US 7359509 B2 Abstract A method, and deterministic random bit generator system operating in accordance with the method, for generating cryptographic keys and similar secret cryptographic inputs which are hard to guess. A seed is input from an entropy source; and an initial state is generated as a function of the seed. When a request to generate a cryptographic key is received a current state, where the current state is initially the initial state, is mixed to generate an out put string and a next state and the current state is set to the next state. The requested cryptographic key is generated from the string; and output. These steps can be repeated to generate successive output strings with assurance of forward and backward secrecy. An encryption system including such a generator is also disclosed.
Claims(4) 1. A method for cryptograghically securing a message comprising:
inputting a seed from an entropy source;
generating an initial state S
_{j }as a function of said seed;generating a next state S
_{j+1 }and an output string y_{j }by:
defining a length n for said output string y
_{j}, and a parameter HASH_DIGESTSIZE;setting an integer value m equal to the smallest integer greater than length n divided by HASH_DIGESTSIZE;
if a user input u
_{j }is supplied, computing a variable V as a hash(u_{j}|S_{j}), otherwise if a user input u_{j }is not supplied, computing said variable V as a hash(S_{j});setting an index q equal to 1;
computing a variable x as a hash function x=hash(V);
setting a variable w
_{q }equal to said variable x;computing said variable V as a function V=V+1(mod 2
^{HASH} ^{ — } ^{DIGESTSIZE});setting said index q equal to q+1;
determining if said index q is equal to m+1, and if not, recomputing the variable x as a hash function x=hash(V) and repeating the setting of variable W
_{q}, computing said variable V, and setting said index q equal to q+1;when said index q is equal to m+1, computing said output string y
_{j }as n predetermined bits of a concatenation of variables W_{q}, where q equals 1 to m;computing a next state S
_{j+1 }as a function (f) of V and y_{j+1};providing said output string y
_{j }for use as a cryptographic key;inputting said cryptographic key and said message to a cryptographic engine; and
using said cryptographic key in said cryptographic engine to cryptographically secure said message.
2. The method of
3. The method of
4. The method of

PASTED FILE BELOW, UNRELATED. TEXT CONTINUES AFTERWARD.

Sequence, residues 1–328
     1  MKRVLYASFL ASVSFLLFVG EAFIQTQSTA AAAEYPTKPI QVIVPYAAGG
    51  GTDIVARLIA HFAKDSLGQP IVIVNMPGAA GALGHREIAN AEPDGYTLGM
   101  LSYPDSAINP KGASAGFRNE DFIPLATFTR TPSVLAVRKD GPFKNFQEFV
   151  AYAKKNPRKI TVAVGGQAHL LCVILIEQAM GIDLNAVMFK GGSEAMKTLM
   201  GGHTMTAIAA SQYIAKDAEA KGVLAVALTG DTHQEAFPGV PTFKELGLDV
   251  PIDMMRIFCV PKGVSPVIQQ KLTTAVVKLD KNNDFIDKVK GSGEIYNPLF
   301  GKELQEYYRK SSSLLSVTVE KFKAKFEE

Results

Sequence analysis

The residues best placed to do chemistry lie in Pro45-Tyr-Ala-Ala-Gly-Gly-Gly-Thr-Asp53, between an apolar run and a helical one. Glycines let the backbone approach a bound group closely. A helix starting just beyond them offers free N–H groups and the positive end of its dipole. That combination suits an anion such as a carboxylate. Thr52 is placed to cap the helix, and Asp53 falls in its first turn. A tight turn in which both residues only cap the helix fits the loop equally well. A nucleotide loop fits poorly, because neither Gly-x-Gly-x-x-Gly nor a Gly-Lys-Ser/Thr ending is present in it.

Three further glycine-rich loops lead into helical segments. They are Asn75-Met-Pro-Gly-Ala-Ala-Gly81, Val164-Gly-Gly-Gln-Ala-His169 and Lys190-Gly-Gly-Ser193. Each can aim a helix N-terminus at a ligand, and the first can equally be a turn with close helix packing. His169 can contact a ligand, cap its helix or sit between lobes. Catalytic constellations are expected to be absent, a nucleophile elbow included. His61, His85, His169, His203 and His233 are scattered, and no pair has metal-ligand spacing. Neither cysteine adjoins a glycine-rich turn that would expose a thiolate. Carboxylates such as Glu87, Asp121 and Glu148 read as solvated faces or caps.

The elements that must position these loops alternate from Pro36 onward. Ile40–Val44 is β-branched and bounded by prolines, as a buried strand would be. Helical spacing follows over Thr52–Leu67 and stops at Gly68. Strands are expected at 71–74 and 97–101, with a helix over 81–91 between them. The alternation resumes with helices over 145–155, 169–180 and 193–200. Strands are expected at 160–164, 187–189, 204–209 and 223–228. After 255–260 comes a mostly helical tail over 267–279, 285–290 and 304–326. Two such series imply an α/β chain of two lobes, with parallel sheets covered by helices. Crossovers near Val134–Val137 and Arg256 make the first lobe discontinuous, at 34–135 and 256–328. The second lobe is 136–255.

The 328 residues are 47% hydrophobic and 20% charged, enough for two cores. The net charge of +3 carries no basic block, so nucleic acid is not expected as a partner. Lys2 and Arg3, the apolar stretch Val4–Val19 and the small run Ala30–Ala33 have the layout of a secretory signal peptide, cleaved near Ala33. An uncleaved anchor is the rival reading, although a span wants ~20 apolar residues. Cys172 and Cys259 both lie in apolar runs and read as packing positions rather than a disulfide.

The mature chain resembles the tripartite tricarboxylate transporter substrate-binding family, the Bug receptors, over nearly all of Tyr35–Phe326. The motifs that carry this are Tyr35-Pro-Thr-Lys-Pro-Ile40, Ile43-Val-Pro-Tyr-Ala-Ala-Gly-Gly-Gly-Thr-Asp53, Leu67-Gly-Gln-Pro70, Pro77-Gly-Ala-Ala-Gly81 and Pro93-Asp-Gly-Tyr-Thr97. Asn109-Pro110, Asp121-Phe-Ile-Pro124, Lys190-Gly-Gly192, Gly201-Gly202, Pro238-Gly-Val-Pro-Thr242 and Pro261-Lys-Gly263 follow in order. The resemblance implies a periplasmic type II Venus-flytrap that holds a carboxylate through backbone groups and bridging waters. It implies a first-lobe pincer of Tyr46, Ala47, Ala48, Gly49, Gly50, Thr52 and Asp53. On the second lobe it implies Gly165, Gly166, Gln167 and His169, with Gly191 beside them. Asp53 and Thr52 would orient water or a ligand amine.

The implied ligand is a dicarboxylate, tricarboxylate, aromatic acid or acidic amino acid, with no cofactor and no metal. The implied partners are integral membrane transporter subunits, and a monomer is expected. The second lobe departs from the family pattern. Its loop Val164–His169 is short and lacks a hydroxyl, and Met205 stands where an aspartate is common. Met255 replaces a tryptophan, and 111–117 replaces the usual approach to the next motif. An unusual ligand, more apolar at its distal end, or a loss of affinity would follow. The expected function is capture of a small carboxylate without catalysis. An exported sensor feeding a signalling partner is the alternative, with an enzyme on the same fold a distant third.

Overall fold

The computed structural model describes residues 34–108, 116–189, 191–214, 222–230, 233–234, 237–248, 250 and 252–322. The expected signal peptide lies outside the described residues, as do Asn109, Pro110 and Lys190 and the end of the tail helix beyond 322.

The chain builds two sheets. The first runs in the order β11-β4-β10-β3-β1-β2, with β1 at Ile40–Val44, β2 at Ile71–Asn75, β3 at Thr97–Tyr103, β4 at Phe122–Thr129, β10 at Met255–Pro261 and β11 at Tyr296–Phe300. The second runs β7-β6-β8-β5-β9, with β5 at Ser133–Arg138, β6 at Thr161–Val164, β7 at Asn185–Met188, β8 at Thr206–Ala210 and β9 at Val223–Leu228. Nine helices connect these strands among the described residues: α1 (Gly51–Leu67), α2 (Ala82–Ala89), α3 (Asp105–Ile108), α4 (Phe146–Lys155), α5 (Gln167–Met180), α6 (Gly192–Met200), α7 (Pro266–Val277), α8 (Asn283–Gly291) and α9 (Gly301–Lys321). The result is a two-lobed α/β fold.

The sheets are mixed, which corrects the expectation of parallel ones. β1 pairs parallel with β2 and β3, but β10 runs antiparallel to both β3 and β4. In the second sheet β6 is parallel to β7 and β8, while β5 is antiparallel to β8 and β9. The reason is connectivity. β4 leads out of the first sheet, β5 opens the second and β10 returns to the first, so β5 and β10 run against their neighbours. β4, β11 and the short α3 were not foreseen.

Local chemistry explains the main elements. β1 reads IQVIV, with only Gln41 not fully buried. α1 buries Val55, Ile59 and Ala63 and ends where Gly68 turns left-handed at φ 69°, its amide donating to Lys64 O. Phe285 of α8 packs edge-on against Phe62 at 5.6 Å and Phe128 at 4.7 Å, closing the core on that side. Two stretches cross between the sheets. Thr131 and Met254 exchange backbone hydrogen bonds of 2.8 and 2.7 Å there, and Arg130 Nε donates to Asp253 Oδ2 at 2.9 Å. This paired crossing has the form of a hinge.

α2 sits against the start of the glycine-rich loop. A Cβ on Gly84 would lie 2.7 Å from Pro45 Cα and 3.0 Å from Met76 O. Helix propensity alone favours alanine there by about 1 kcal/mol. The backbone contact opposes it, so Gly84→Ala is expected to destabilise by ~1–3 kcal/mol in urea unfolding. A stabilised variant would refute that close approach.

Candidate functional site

_{j+1}+1d), wherein b={0, 1} and dε[0, mod 2^{HASH} ^{ — } ^{DIGESTSIZE}].Description The subject invention relates to a method and system for generating secret inputs, such as keys, to a cryptographic system. More particularly it relates to a method and system for generating inputs, typically in the form of binary strings, which are “hard” to guess. By “hard” herein is meant that given realistic computational resources a secret input cannot be discovered, given less than all the inputs used to create the secret input, in less than exponential time. Still more particularly it relates to a method and system for generating keys for digital postage meters that rely on cryptographic techniques to create secure, digitally printed postal indicia. Encryption, Digital Signature algorithms, and Key Agreement Protocols and similar cryptographic systems rely on two basic assumptions to keep information secure: 1. The algorithms used are sound, and cannot be attacked directly. That means you cannot derive information about inputs to the algorithm that you did not know before hand; nor can you derive the output of the algorithm unless you know all the inputs. 2. Any secret input of the algorithm is hard to guess. Typically secret inputs are inputs such as: a secret key, a random value used for “blocking” (i.e. used to hide other information), or the private portion of a public key pair. As used herein the terms “key” or “cryptographic key” are meant to include any string of random bits for cryptographic applications, such as a secret input or a hard to guess value from which a secret input is derived; e.g. a hard to guess value from which a public/private key pair is derived; as well as strings used in applications where the random bits become known and still strong security of the Deterministic Random Bit Generator (DRBG) is required. Methods and systems such as that of the present invention (hereinafter sometimes “Deterministic Random Bit Generators” or “DRBG's”) are used to satisfy this second assumption, and are used throughout standard cryptographic protocols and operations such as: SSL/TLS Secure Sockets Layer Protocol, DSA—Digital Signature Algorithm, Diffie-Hellman Key Exchanges, RSA Encryption and Signing Algorithms, etc. DRBG's provide the basic hard to guess inputs to such cryptographic operations. Typically DRBG's include an initialization routine to generate an initial state variable, a generation routine to generate a requested secret input, and can include a reseed routine to recover security properties in the event the DRBG is compromised. The current family of ANSI (American National Standards Institute) approved DRBG's (based on DES and SHA1 standards) are aging in the sense of being antiquated by newer algorithms and stronger security requirements. In fact DES is broken in the sense that a sub-exponential algorithm to break it is known. Current security specifications for AES and ECC provide security that require on the order of 2 It is also advantageous to provide a DRBG having a consistent, or “flat”, forward secrecy profile and backward secrecy, against all known state assumptions. Backward secrecy is the property that even with knowledge of the current state of the DRBG it remains hard to determine previous components of the state. A flat forward secrecy profile is the property that even with any (less than complete) knowledge of the current state it remains hard to predict future output of the DRBG, or future unknown components of the state. Thus it is an object of the subject invention to provide a method and system for generating secret inputs which provides increased levels of security for cryptographic systems, and which has the properties of a flat forward secrecy profile and backwards secrecy. The above object is achieved and the disadvantages of the prior art are overcome in accordance with the subject invention by a method, and system operating in accordance with the method, for generating a cryptographic key which is hard to guess, by inputting a seed from an entropy source; generating an initial state as a function of said seed; receiving a request to generate a cryptographic key; mixing a current state, using a hash function, where said current state is initially said initial state, to generate an output string and a next state; then setting said current state to said next state, whereby mixing a current state and setting the current state to the next state can be repeated to generate successive output strings; and deriving said requested cryptographic key from at least one of the output strings. As used herein “mixing” a set of values means generating an output as a function of all the values where the function has the property that it is hard (as “hard” is defined herein) to determine the output, or to recover the set of values from the output, with less than full knowledge of the set. In accordance with one aspect of the subject invention said output string is specified to be n bits in length and said state is mixed m times, each time generating a substring HASH_DIGESTSIZE bits in length, where m times HASH_DIGESTSIZE is greater than or equal to n, and said output string is chosen to be n predetermined bits of a concatenation of said substrings, and where HASH_DIGESTSIZE is said hash function's output bit length. In accordance with another aspect of the subject invention said initial state is generated by determining a seed s, said seed s having 2*k bits of entropy; computing said initial state S In accordance with another aspect of the subject invention said current state S Other objects and advantages of the subject invention will be apparent to those skilled in the art from consideration of the detailed description set forth below and the attached drawings. In History shows, however, that in time any secret can be learned. System Entropy source In As understood in the art entropy is a mathematical measure of the amount of information provided by observation of the state of a variable. Here the variable seed s is a binary bit string. It is easily shown that if entropy source At step In either case, at step At step At step At step In At step The embodiments described above and illustrated in the attached drawings have been given by way of example and illustration only. From the teachings of the present application those skilled in the art will readily recognize numerous other embodiments in accordance with the subject invention. Accordingly, limitations on the subject invention are to be found only in the claims set forth below. Patent Citations